The majority of Murray’s meditations focus on the life of Jesus—especially chapters two through four, my favorites in the book. Jesus was humility incarnate:
There never was, nor ever will be, but one humility, and that is the one humility of Christ. . . . Humility, as it is the mark of Christ the heavenly, will be the one standard of glory in heaven: the lowliest is the nearest to God. The primacy in the Church is promised to the humblest.
2. Lose Yourself
The paradox of Christianity is that only in losing ourselves do we find ourselves. Only by lowering ourselves do we become exalted. Only in emptiness are we filled. Murray writes, “Just as water ever seeks and fills the lowest place, so the moment God finds the creature abased and empty, his glory and power flow in to exalt and to bless.”
To lose yourself is not to give up care of your soul and body; it’s to trust the Father’s power and goodness in us to be better than our own strength and character apart from him. We might be tempted to give only some of ourselves to Christ, yet humility only comes when Christ is all in all.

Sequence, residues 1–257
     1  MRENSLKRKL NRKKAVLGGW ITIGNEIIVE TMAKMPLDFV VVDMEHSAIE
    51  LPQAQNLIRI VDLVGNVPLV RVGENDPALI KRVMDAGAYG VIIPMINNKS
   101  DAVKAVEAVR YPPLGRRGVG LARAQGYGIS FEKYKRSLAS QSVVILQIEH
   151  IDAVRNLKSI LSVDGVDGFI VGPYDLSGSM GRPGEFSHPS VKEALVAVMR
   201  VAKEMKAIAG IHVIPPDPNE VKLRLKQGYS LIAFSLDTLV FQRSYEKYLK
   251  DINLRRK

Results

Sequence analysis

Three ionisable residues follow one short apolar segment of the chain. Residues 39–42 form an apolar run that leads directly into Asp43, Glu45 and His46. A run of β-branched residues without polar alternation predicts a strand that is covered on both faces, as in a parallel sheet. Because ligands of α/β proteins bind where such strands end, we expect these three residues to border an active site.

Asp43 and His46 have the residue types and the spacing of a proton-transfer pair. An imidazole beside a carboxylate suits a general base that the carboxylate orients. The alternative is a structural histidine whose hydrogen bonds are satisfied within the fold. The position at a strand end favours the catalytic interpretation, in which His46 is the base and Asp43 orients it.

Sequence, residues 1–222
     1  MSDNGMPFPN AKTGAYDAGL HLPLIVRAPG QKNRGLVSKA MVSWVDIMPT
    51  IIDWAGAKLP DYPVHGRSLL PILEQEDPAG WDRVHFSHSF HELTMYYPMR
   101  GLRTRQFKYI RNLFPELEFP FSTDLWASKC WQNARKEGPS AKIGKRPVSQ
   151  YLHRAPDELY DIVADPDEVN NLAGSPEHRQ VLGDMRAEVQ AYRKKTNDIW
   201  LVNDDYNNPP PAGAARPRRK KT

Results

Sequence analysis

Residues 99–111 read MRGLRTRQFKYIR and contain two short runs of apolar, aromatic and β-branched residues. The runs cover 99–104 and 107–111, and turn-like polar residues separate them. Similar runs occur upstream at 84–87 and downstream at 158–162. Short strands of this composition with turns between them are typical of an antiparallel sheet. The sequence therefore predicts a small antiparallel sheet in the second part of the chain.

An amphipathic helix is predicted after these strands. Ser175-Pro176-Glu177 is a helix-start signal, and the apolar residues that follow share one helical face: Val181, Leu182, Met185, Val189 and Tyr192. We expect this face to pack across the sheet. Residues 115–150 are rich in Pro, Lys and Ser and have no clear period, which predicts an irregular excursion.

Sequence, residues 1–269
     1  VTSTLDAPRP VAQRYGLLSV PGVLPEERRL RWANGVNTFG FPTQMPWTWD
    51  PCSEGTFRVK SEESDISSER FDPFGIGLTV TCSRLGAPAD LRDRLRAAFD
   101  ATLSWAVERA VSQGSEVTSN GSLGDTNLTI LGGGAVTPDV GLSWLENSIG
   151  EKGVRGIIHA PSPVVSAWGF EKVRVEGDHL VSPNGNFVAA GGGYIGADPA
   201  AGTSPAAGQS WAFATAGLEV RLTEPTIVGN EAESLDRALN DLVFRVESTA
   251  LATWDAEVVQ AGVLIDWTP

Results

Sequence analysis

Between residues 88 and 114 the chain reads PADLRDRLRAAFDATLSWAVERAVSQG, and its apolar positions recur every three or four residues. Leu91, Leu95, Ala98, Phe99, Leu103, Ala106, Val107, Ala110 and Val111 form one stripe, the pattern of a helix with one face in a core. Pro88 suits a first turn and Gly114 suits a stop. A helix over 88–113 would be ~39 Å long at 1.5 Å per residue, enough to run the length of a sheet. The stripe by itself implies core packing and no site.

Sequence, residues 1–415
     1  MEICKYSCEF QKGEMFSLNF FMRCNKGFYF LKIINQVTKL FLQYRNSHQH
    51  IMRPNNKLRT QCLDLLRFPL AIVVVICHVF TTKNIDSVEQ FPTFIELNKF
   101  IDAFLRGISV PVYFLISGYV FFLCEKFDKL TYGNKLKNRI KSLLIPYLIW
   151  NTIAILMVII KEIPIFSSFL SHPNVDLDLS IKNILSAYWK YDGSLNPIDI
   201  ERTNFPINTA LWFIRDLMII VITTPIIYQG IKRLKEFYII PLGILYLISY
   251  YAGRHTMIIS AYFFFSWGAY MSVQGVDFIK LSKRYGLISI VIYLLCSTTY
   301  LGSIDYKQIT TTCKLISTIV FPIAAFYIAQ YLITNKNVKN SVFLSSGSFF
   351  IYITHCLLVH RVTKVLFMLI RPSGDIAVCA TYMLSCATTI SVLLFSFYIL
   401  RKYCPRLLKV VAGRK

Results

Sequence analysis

3. Humbly Serve
Murray reminds us, “Humility toward others will be the only sufficient proof that our humility before God is real, that humility has taken up its abode in us, and become our very nature.”
Humility doesn’t envy or boast. Humility gives up the comparison game. Humility seeks the lowest place. Humility serves.
Crying Need of the Hour
Humility is the message we need today. Its title might not be as catchy and provocative as our modern expletive-filled self-help books, but I doubt those titles will remain in print for 125 years. Into our world of shallowness and strategies to feel better now, Murray begs, “Oh for the humility of Jesus in myself and all around me!”
In a culture that despises humility, we make the subversive claim that true happiness isn’t found in being more of ourselves but more like Christ. The way up is down. The way to life is through death. The way of glory—the true and only glory that matters for all eternity—is the way of humility.